And that’s what my weekly social media check in looks like.

One thing you’ll notice is that I’m very intentional with how I use social media. I think this where most people trip up. It helps to be crystal clear on why you want to use each product. Only then can you set some rules to make it work for you (that’s another post entirely!). When you’re not, you lose control and then become a slave to it.

I’ve significantly cut down the amount of time I spend on social media. Importantly, I’ve contained it to a one hour session, once per week. I get all the same benefits, with none of the distraction.

I feel a huge boost in emotional well being. I’m not exaggerating – it’s immense. Allowing social media feeds to interrupt your life multiple times per day doesn’t feel good. You only realise how much, when you stop it. So much so, that if I could only give one piece of advice to someone struggling with their mood, it would be take a break from social media.

There is one other strategy I use to avoid distractions. I use Freedom to block email and distracting websites. I block them before midday, some of the afternoon and after 20.00. I only get full and unlimited access between 12.00 and 14.00 and 18.00 and 20.00.

This means I don’t check email before midday and disconnect fully after 20.00. There is the odd exception where I have to override it, but generally I’m sticking to it over 90% of the time. Blocking email and distracting sites before midday and before bed is super powerful. You get more done and get a better nights sleep.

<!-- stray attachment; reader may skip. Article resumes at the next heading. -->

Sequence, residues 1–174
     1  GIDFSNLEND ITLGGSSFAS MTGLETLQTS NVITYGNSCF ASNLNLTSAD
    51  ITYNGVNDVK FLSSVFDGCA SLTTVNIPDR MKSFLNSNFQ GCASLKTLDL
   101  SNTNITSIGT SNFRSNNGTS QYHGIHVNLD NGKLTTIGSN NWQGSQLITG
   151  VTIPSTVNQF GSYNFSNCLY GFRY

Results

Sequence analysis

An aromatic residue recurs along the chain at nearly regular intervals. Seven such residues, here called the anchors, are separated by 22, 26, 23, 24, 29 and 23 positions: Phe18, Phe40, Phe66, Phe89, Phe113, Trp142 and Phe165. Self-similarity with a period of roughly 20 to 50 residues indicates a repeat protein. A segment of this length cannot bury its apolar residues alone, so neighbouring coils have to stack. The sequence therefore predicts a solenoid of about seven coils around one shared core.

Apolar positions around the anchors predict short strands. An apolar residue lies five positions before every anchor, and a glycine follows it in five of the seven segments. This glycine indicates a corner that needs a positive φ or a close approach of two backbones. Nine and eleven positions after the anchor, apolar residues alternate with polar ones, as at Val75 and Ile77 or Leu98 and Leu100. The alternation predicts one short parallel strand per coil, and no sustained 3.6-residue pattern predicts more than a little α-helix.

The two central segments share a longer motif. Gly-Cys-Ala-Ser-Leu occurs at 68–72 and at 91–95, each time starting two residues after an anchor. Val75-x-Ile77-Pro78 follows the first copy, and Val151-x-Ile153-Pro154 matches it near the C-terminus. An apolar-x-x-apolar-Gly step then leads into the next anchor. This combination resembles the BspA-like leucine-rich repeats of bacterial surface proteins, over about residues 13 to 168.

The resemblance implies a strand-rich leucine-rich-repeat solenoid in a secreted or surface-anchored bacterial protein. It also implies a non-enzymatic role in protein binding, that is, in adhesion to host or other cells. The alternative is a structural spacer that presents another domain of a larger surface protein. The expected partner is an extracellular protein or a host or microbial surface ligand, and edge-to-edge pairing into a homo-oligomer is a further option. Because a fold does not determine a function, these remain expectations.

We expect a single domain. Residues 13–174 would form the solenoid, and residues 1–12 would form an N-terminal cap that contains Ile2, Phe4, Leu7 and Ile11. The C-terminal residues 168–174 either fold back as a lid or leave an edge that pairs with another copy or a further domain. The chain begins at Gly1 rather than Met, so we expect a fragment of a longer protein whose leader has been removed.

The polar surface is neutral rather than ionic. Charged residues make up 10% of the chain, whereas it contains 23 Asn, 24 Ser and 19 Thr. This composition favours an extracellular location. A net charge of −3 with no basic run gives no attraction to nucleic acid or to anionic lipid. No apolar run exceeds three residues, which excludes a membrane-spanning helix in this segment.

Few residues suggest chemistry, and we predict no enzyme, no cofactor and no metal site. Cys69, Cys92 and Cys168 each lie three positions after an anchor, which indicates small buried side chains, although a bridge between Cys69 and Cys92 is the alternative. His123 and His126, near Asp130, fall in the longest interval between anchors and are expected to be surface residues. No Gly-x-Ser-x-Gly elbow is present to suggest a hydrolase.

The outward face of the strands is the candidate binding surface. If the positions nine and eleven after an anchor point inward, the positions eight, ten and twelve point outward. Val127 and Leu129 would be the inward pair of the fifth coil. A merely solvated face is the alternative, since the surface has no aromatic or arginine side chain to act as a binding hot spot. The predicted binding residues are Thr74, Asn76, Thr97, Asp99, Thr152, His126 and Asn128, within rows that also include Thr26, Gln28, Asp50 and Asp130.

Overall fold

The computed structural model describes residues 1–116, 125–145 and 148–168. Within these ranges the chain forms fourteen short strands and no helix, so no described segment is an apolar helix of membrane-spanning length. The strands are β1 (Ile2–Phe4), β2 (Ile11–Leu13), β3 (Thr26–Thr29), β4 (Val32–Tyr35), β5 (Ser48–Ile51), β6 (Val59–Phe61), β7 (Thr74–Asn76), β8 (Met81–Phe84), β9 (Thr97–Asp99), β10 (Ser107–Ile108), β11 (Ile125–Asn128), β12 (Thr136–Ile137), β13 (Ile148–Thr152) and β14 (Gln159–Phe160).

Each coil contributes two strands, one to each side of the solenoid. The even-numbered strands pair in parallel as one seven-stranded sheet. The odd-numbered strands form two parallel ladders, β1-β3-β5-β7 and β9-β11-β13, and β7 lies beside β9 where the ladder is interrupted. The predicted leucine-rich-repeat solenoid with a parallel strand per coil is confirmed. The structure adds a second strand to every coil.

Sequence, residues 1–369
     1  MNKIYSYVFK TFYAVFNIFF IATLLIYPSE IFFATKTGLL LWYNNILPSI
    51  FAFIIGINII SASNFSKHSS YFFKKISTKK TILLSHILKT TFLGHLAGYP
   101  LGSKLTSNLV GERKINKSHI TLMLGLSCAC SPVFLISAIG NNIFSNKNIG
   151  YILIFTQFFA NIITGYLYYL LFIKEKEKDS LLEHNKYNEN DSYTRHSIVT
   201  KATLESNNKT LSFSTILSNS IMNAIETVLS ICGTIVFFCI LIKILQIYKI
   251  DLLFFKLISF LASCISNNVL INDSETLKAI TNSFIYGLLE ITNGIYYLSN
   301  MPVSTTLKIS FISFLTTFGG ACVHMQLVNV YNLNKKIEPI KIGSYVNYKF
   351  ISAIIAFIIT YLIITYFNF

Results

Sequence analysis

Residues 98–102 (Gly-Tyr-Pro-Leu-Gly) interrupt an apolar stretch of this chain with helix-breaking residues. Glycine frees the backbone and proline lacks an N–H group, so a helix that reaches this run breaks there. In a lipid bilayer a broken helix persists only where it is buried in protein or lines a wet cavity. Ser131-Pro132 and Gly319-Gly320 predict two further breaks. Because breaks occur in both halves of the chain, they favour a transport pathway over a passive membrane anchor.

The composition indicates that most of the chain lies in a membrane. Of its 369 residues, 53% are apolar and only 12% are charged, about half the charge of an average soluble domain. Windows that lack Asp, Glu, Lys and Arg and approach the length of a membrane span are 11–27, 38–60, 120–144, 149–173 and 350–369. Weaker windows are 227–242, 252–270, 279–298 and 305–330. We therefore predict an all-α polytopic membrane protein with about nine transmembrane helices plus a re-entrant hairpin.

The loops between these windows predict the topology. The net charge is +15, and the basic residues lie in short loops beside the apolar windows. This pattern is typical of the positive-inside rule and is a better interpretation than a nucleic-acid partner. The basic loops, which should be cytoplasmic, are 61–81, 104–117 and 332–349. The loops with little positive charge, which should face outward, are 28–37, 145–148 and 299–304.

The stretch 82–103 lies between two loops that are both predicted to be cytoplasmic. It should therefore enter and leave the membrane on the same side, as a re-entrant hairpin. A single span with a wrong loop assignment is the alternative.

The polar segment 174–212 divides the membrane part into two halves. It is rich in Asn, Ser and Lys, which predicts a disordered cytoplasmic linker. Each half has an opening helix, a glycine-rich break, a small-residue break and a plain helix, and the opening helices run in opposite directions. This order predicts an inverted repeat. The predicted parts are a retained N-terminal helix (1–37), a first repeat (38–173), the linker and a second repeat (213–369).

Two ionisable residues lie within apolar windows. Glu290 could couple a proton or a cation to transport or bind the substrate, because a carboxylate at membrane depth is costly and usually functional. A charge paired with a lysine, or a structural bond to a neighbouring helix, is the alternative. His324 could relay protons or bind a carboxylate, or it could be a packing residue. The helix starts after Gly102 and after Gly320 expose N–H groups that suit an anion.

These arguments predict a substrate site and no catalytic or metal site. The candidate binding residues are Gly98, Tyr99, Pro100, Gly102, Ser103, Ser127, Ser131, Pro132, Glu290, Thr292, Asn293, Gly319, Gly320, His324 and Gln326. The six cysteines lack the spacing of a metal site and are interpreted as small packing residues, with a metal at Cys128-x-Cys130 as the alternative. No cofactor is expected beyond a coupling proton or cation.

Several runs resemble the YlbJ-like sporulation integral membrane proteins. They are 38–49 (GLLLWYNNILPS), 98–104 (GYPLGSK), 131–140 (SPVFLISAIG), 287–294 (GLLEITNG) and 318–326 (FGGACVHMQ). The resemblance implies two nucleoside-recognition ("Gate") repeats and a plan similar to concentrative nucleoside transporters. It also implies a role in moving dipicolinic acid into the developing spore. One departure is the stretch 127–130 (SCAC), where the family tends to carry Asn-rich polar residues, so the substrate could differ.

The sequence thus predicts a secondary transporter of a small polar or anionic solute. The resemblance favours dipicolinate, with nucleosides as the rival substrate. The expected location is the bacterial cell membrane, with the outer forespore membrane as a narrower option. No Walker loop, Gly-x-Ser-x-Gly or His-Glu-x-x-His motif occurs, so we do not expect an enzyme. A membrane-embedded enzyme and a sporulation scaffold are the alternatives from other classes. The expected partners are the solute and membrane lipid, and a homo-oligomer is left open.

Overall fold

If I get tempted during blocked periods, I’m greeted with this:

So, to summarise:

  • One social media session per week, lasting for about an hour.
  • Block email and distracting websites before midday, some of the afternoon and after 20.00.

I’m not suggesting you should do the same. I appreciate my approach is a bit extreme and unusual. That’s just the way it has to be for me. Find out what works for you.

I really like the way Brad Stulberg put it in a recent podcast he was on:

‘Twitter’s not bad. Writing a newsletter is not bad. Reading a newsletter is not bad. It’s such an ‘it depends’ thing. Twitter can be really good. I know people who have met their romantic partners on twitter because they were tweeting about a same blogpost – and they connected. So that’s all great. It can also be really bad if you’re on that phone all the time and it’s replacing real connection. And suddenly the amount of retweets or likes you get starts to influence your mood. There’s a middle ground. It’s just so hard to find it.’

But, I’ll add a correction 😉

It is hard to find. But, I think that’s because the middle ground doesn’t usually work for social media. The likes of Facebook, Instagram and Twitter hire some of the smartest people in the world. They pay them millions in salaries, bonuses and stock options.

Teams of expert product people are working together with only one goal – getting you to spend as much time in their product as possible. Engagement directly influences the bottom line for these companies. So, don’t feel bad if you can’t find the middle ground. You’re outnumbered. It might be time to find the extreme ground.

I recommend experimenting with some of these tactics to see what is useful. If you do nothing else, at least try and be self aware of the time spent using social media / email (volume and sessions). Also, be self aware of the effects it has on your emotional well being. That will usually lead you to some of the right answers.